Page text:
Tuesday, March 8, 2011
(About the Photos - a stock photo of a Peregrine and the picture I took of the wounded bird in the floor of my car.)
Monday morning, March 7, 2011, started with me driving Fonzy to Carlton to have his stitches removed. But what happened along the way to Carlton made the rest of the day surreal.
Traveling along Hwy 240 in the morning at 8:15 am one must be alert. Travelers who obey the speed limit will be passed by cars in a hurry.
About 200 feet past Williamson Road I saw something small standing by the side of the road. Releasing my foot from the gas pedal I slowed down and saw a Peregrine falcon wobbling on the edge of the pavement.
With Wade's wise words ringing in my ears (Don't kill yourself trying to save an animal.) I made my way to the first driveway where I could safely turn around.
My mind was racing with plans as how to safely capture him without getting injured. They have sharp talons and beaks, and even though my intentions were honorable, he wouldn't know that.
As I approached the bird's location another car was speeding along. As the car approached the birds location the bird began to walk into the road.
Screaming for the bird to stop the car's momentum caught the bird and whirled it back onto the gravel where the bird lay still. Turning around at Williamson Rd. I inched myself back to the scene and saw this beautiful bird laying very still.
It was obvious from what I first saw that this bird had been injured. By what I was not sure. But the final blow surely came at the hands of that unsuspecting (and rather dull) driver.
Determining that death was certain, I made my way to my destination, Carlton Veterinary Clinic.
As I drove I thought of my friend at George Fox University, Don Powers. I was pretty certain that he could find a use for this bird and that perhaps it's death could be used to educate the students in his classes.
I called Don's assistant, Jane Sweet. She returned my call while I was in the vet's office, affirming my assumption that Don would like the bird.
Now my mission was not a rescue mission but rather a, what do they call it? Recovery mission.
I made my way into Williamson Road where road workers were setting up shop. I turned around and put my car on the side of the road. Gathering a few newspapers that happened to be in my car, I made my way to the lifeless bird.
As I got closer I realized that death had not made it's final sting. This gallant fellow was breathing. "You're alive!" Tears came to my eyes as I reached down with my hands, letting the newspapers fall to into the ditch. I carefully picked him up and made my way back to my car.
The remaining newspapers that were on the floor of the passenger seat served as a resting place. I took one of the pages and laid it over the top of his body to provide a barrier to the light and my presence.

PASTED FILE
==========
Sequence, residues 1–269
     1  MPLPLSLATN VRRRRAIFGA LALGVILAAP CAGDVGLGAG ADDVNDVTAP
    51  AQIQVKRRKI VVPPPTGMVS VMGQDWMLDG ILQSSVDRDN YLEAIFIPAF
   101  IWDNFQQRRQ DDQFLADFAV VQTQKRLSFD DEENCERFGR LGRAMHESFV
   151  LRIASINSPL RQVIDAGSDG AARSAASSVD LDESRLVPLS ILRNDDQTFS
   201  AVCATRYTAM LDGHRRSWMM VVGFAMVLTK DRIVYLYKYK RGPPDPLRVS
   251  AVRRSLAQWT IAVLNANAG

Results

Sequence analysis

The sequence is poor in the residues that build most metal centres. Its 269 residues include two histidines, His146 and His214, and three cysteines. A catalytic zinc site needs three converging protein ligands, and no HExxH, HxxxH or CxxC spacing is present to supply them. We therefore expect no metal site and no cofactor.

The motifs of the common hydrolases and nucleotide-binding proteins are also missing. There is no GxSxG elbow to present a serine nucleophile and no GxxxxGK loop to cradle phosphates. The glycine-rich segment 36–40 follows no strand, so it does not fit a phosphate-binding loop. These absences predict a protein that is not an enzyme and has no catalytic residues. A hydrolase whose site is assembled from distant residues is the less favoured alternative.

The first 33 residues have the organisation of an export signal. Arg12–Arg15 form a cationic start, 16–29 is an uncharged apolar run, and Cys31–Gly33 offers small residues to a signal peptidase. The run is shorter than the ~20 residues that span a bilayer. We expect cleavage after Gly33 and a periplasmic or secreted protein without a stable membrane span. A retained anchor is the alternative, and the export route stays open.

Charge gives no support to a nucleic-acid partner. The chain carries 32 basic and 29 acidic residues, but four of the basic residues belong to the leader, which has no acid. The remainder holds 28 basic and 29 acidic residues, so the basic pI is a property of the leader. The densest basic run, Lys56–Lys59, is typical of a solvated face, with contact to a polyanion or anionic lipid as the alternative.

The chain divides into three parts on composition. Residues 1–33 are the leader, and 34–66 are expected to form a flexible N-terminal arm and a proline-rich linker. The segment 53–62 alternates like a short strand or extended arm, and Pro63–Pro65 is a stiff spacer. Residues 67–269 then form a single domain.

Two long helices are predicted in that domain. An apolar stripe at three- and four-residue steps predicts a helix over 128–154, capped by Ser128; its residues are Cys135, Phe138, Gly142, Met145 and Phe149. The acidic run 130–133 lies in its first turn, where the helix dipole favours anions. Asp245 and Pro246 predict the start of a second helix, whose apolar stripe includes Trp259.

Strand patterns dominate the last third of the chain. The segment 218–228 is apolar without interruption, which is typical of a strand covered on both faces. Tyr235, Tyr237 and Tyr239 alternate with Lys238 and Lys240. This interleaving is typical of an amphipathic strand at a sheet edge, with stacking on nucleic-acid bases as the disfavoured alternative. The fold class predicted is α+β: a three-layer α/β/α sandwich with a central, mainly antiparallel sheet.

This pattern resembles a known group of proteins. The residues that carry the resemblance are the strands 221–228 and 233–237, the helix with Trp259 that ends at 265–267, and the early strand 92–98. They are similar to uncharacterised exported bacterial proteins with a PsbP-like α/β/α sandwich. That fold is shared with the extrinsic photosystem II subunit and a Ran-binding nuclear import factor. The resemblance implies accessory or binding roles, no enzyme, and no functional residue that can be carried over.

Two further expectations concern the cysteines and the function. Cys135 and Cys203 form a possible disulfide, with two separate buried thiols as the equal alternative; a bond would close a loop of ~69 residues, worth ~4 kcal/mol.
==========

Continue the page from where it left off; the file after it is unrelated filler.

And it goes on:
Recovery mission urgently becomes a rescue mission. My first thought...where do I take a federally protected bird of prey?
I called Jane Sweet. She became my ally in this quest.
Two of the veterinary offices she called (not the one in Carlton) in Newberg were unhelpful. While Jane was on the phone with her calls I was calling 411 to call the Fish and Game department in Salem. After several recorded messages I finally left one.
My next call was to Newberg-Dundee Police - NOT 911 - but the business office.
Finally a helpful person gave me the phone number for the Audobon Society in Portland.
Nancy, a volunteer, agreed to meet me in King City for the exchange.
Although she suggested that I put 'Perry' in a box, I couldn't find one so I settled on a large towel. I dropped Fonzy off at home, grabbed the towel, and headed out to King City.
When I gave him to Nancy the brave bird was still alive. The rest of the day was a blur as I couldn't get this animal out of my mind.
As promised, Nancy phoned later that afternoon with an update. Sadly, our little fellow passed away soon after arriving in the parking lot of the rehabilitation center in North Portland. Nancy indicated that a post-mortem exam would be performed to determine cause of death. Again the tears came, softly. If only I had been able to rescue him before the car hit him.
Around 5 pm I received a call from someone else at the Audobon Society. The results from the exam were in. Not only did the bird have several injuries from blunt force trauma (the car) but he had also been shot. Murdered. Senselessly killed by someone. A human.
I am pretty sure that most of you don't even know what a Peregrine Falcon is! Read this!
This afternoon I received a call from an officer with the Fish and Game department. Since Peregrines are federal protected, this bird's death becomes a legal issue.
Peregrines are protected under the Federal Migratory Bird Treaty Act.
If we find the person(s) who shot this bird they could face a fine of $100,000.00 and up to six months in jail.
With my 'critical incident response training' from work I was ready to give this officer details. Time of day, exact location, state of the bird prior to the car hitting it, geographic area and who lived in the area (Oakhurst Farms) that might have seen or heard something.
In my minds eye I see this beautiful creature soar and dive. I see him flying high and catching a thermal as he hoovers over the trees and fields looking for food. His love and care for his mate and young as he brings food back to the nest.
Portland has a huge investment in this lovely animal.
I keep in mind that humans too are murdered and mistreated all over the world. This fact keeps me looking at this bird's demise in perspective. The fact remains that many humans do not value life.
I believe that God is the creator of human and animal kind. God made me to care about both. I can't help it.
Perhaps heaven will be a place where we all can enjoy rather than destroy God's creation.